After flirting with the Rangers while searching for a multi-year deal, Jim Thome has returned to the Twins on a one-year contract.
According to Kelly Thesier of MLB.com he’ll get $3 million in guaranteed money, plus incentives based on playing time, which means the Twins got Thome at a bargain rate for the second straight offseason after he hit .283 with 25 homers and a 1.039 OPS in 340 plate appearances last year while earning around $2 million.
Thome started just 34 of the Twins’ first 84 games last season, but then became an everyday player following Justin Morneau’s season-ending concussion on July 7 and put up incredible numbers down the stretch. Morneau’s status remains a huge question mark, but if he’s healthy the Twins will again have five hitters for four lineup spots and manager Ron Gardenhire will have to stick Thome, Michael Cuddyer, Delmon Young, or Jason Kubel on the bench each game.
That’s a nice problem to have, of course, and Gardenhire could make things easy on himself by sitting Thome or Kubel versus lefties and Cuddyer versus righties, but Cuddyer has never been a part-time player before. However the playing time shakes out, the Twins are bringing back one of the elite hitters in baseball for just $3 million in upfront money and it’s impossible to spin that as anything but a great move.
The Cubs wrapped up a four-game series against the Reds at Wrigley Field on Thursday afternoon, suffering a 13-10 loss to split the set. They’ll match up again against the Reds next week for a three-game series in Cincinnati. That’s good news for Cubs third baseman Kris Bryant, because that means he’ll get to see Reds first baseman Joey Votto some more.
As CSN Chicago’s Patrick Mooney reports, Bryant has grown quite fond of Votto. Bryant has already won a World Series ring, a Rookie of the Year Award, and an MVP Award, but he still looks up to Votto. According to Bryant, Votto is “the best player ever.” He added, ““He’s my favorite player. I love watching him. I love talking to him, just picking his brain. He gets a lot of (heat) about his walks and working at-bats and some people want him to swing at more pitches. But, gosh, I mean, he does an unbelievable job. You know that he’s going to give you a great at-bat every time he goes up there. It’s definitely a guy that I look up to and I can learn from.”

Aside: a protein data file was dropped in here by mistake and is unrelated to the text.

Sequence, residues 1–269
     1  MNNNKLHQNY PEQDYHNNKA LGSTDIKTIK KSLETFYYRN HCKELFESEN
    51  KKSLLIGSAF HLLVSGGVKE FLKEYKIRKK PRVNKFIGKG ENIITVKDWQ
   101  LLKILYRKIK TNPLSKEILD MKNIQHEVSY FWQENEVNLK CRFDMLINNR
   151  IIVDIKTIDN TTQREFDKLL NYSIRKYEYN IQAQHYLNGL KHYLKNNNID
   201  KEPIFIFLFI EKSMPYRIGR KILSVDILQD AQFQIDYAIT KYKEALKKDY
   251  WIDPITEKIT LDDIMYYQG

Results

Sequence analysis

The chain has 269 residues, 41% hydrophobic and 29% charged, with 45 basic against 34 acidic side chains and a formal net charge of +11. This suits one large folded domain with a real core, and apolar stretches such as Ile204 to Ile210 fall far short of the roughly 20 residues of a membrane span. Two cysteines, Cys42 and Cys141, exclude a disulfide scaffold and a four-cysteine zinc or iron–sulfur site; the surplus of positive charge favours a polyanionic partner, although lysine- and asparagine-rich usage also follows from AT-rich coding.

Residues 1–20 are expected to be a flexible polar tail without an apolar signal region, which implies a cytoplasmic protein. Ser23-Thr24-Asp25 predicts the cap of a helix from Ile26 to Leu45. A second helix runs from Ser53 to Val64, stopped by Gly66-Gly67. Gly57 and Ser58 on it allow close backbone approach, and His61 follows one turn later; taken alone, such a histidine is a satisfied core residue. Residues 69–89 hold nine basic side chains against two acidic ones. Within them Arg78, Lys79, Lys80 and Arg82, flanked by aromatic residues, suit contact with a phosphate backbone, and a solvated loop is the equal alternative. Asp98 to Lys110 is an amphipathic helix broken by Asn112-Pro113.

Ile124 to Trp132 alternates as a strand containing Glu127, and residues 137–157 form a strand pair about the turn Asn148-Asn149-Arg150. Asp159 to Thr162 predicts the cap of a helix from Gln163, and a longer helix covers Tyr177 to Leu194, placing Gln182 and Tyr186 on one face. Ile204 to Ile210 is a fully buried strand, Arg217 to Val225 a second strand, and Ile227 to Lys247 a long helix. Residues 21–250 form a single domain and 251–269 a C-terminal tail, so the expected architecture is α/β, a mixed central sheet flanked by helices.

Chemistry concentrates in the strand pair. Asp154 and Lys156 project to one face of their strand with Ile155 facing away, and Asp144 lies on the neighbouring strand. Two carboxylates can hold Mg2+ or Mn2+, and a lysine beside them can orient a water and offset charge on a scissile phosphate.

Bryant said that Votto is “a future Hall of Famer, that’s for sure.”
Bryant also explained how his approach changed by watching Votto. He said that in his rookie season, he was “swinging at everything.” Votto, however, is “aggressive, but he’s not going to swing at a pitch until he wants it.”
Indeed, in Bryant’s rookie season, he struck out in nearly 31 percent of his 650 plate appearances. This season, he has struck out in only 19 percent of his PA. His walk rate has also increased by more than 2.5 percent since his rookie campaign. Compared to last year, Bryant is down in HR and RBI, but his average is the same, his on-base percentage is markedly better, and his slugging percentage is only down by a minute amount.
Diamondbacks second baseman Daniel Descalso hit his team’s third inside-the-park home run of the season during Thursday’s 4-0 win over the Astros. In the top of the fourth inning, with the score 1-0 and the bases empty, Descalso ripped a 1-0, 83 MPH change-up to right-center field. The ball caromed off the wall, heading towards left field, which sent center Jake Marisnick on the chase. Marisnick tried to pick up the ball with his glove, but dropped it, which sealed Descalso’s destiny for an inside-the-parker.
It had only been five days since the Diamondbacks’ last inside-the-park home run. David Peralta hit one against the Cubs on August 12. Ketel Marte legged out his club’s first ITPHR on July 26 against the Braves.
As ESPN Stats & Info notes, the Diamondbacks have three as a team, which is amazing because the other 29 teams have hit seven combined.